The Security of Subsea Communication Cables

In this blog installment, Steve Lentz, Director of Network System Science and Engineering at Ocean Specialists (OSI), comments on a recently published NATO research paper which discusses the security of undersea telecommunication cables and explores solutions to this threat.

Many of you will have read the recent press release put out by the International Cable Protection Committee (ICPC) regarding the Security of Underwater Cables. Some will have gone to the source and looked at the NATO STO paper that is discussed. The security of submarine cables is an important, or even essential topic for discussion and the STO paper does a good job of laying out the risks and proposes some solutions.

On the one hand, the world’s submarine cables have never been more secure. Information presented at the ICPC 2019 plenary shows the fault rate per 1,000 km to be static or slightly decreasing over the last decade, despite the growth in the total length of cables in service. As more cables are installed, we might expect some of them to be in less ideal locations and the fault rate to go up, but this is not the case. On the other hand, the economic, social and political tensions continue to make the world an uncertain place and submarine cables could become an inviting target.

Concerns about the safety of the world’s submarine cables have been raised before, most notably in the ROGUCCI report published in 2010. In the decade since, we have seen a number of high-profile cable outages, but nothing that would indicate the overall cable infrastructure is under imminent threat. The diversity and robustness of the world’s cable networks remain intact.

So, what are we to do? The authors of the STO paper propose a number of complex and expensive methods for monitoring. Having constructed sensor platforms for science and worked for many years to integrate sensors into telecom cables, I can say that neither of these is quick nor easy. Equipping even a fraction of the world’s 1.2 million kilometers of cable with limited sensor capability would be a huge undertaking. Then, the sensor platforms would need to be operated and maintained and none of this addresses the response to any events. If a cable were threatened with damage or tampering, who will get there in time to stop it? Although there are certainly some areas that might benefit from increased surveillance, such as landing sites and straits where many cables converge, this does not seem practical on a wide scale.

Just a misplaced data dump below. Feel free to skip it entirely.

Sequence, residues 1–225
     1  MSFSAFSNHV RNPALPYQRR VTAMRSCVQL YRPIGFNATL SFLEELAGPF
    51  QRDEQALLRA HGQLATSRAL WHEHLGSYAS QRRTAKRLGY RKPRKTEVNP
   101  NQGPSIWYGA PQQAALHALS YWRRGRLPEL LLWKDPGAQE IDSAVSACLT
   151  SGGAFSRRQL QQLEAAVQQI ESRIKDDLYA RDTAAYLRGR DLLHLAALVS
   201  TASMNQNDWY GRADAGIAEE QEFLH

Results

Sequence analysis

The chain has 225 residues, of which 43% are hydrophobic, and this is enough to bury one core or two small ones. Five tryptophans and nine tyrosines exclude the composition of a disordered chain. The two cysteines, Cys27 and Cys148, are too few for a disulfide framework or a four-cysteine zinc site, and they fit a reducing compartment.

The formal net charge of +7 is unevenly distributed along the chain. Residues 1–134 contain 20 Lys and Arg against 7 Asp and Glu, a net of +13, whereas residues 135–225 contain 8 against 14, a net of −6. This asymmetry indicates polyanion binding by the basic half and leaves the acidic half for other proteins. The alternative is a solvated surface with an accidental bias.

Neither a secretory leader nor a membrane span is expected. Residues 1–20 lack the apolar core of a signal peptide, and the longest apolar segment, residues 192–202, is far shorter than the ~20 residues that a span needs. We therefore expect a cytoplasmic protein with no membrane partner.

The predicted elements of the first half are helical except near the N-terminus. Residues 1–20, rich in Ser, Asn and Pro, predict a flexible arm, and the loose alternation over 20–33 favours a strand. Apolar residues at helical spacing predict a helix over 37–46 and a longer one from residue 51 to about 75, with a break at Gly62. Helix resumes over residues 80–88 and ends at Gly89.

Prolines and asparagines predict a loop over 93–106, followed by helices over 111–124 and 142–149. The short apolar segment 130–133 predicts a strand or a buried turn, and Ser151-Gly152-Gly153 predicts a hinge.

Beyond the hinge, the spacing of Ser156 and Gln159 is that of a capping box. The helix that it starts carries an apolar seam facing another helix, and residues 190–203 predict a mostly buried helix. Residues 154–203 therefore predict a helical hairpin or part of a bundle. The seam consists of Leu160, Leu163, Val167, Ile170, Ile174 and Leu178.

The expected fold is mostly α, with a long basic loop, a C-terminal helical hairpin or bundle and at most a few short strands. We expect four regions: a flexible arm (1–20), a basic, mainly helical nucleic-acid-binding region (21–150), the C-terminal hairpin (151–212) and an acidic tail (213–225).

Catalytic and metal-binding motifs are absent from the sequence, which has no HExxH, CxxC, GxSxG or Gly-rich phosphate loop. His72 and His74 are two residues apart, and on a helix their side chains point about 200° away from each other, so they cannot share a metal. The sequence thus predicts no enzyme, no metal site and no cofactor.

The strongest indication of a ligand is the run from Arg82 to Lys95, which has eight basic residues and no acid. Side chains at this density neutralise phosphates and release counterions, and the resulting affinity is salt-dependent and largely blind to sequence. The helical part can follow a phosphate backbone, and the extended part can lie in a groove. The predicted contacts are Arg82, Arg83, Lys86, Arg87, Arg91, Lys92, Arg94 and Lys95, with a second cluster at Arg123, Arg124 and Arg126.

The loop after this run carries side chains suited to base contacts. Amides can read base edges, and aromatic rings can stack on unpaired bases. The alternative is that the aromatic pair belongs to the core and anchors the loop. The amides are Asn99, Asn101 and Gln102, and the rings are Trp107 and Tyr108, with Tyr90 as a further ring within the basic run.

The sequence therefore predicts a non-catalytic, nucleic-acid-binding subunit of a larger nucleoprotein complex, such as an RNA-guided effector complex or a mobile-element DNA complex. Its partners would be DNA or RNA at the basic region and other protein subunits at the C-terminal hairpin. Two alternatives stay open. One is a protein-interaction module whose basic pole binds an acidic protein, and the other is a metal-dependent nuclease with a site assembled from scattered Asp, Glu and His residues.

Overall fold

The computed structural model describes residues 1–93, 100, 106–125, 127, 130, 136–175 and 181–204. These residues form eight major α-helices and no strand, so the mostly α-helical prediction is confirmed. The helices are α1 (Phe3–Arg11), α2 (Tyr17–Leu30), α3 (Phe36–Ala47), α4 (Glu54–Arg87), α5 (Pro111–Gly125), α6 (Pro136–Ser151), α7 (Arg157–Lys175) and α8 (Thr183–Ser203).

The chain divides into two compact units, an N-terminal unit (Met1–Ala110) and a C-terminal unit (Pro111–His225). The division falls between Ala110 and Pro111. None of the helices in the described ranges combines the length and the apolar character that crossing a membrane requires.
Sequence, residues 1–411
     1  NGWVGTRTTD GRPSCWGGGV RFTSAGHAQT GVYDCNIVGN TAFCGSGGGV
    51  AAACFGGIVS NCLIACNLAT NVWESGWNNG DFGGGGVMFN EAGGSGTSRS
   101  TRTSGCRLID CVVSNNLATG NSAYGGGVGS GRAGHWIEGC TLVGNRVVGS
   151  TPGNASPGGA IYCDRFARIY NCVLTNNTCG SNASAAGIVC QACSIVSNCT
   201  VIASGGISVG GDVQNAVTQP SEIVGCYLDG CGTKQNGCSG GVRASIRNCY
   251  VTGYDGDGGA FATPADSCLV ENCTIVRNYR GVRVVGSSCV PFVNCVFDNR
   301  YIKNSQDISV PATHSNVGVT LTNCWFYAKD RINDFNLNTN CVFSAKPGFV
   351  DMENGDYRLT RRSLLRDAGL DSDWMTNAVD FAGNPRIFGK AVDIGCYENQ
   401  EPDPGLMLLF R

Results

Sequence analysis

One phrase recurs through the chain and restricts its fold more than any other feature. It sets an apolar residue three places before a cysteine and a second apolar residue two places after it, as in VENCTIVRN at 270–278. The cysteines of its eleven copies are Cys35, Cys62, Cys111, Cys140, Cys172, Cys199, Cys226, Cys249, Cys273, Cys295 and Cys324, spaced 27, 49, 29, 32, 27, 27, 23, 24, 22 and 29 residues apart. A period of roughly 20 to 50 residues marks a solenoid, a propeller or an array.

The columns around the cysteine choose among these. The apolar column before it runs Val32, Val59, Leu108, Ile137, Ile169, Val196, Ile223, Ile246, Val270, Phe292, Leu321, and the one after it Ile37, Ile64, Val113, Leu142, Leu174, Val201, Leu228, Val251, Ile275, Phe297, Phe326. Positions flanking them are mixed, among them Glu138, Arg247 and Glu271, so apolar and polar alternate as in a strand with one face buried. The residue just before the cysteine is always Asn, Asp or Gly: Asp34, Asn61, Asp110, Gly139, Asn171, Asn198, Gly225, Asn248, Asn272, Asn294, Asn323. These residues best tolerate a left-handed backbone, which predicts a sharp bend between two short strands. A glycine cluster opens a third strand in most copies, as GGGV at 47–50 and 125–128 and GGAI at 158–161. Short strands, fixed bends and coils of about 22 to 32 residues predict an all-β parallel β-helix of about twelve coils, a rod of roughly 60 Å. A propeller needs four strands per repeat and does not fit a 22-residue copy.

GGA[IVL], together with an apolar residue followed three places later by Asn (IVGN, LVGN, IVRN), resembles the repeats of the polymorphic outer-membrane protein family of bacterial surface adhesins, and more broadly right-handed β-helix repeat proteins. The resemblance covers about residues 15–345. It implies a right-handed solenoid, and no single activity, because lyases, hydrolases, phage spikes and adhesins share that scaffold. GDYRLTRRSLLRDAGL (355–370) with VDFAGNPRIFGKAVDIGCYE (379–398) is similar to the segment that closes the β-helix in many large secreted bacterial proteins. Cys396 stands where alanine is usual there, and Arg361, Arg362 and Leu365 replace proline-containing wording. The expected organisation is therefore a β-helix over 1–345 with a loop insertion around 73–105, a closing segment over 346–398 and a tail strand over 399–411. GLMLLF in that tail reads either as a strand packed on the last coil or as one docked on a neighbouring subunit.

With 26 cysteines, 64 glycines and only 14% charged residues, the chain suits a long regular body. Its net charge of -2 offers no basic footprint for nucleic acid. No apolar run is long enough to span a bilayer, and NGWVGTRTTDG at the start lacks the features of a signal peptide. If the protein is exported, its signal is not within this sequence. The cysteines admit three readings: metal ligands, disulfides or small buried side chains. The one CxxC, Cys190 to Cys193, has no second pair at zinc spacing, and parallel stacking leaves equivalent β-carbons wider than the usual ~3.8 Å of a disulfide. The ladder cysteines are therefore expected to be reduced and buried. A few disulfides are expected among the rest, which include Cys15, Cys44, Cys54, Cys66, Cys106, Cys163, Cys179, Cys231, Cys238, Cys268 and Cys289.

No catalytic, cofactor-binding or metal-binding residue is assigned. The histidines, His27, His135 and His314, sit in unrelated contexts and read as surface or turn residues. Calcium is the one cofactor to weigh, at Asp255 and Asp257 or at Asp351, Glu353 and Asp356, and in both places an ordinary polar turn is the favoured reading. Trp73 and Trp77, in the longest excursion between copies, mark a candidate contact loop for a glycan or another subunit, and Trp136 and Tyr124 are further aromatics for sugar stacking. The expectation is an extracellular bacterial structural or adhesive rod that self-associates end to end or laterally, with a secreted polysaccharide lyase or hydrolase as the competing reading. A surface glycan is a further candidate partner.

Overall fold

The recent arrival of commercially available Distributed Acoustic Sensing (DAS) systems would seem to be a much less intrusive and feasible approach. DAS can monitor the land cable and near shore segments of a cable for nearby activity, intrusion, and tampering. The cost, while not insignificant, is small when compared to the overall cost of a cable system. Most importantly, the benefits (avoiding even one outage or repair) can outweigh the costs.

Finally, we return to the idea of sensor enabled cables. The SMART cables working group remains active and there is continued interest in adding seismic and tsunami sensors to cables. These sensors are not intended to protect cables, although they could potentially provide information that could be used to improve routing of future cables or repairs. Among the principles of SMART cables are requiring no changes to standard installation methods and requiring no maintenance intervention. Even with these principles in place, cable owners have been reluctant to endorse the idea of sensor enabled cables.

Clearly, continued discussion is needed as we find our way forward, about both the use of sensors to protect cables and sensors for other purposes. Submarine cables are hugely successful as they stand, and this argues for making as few changes as possible. But success can breed complacency and we should always be on the look-out for potential disruptions and the means to respond to them.

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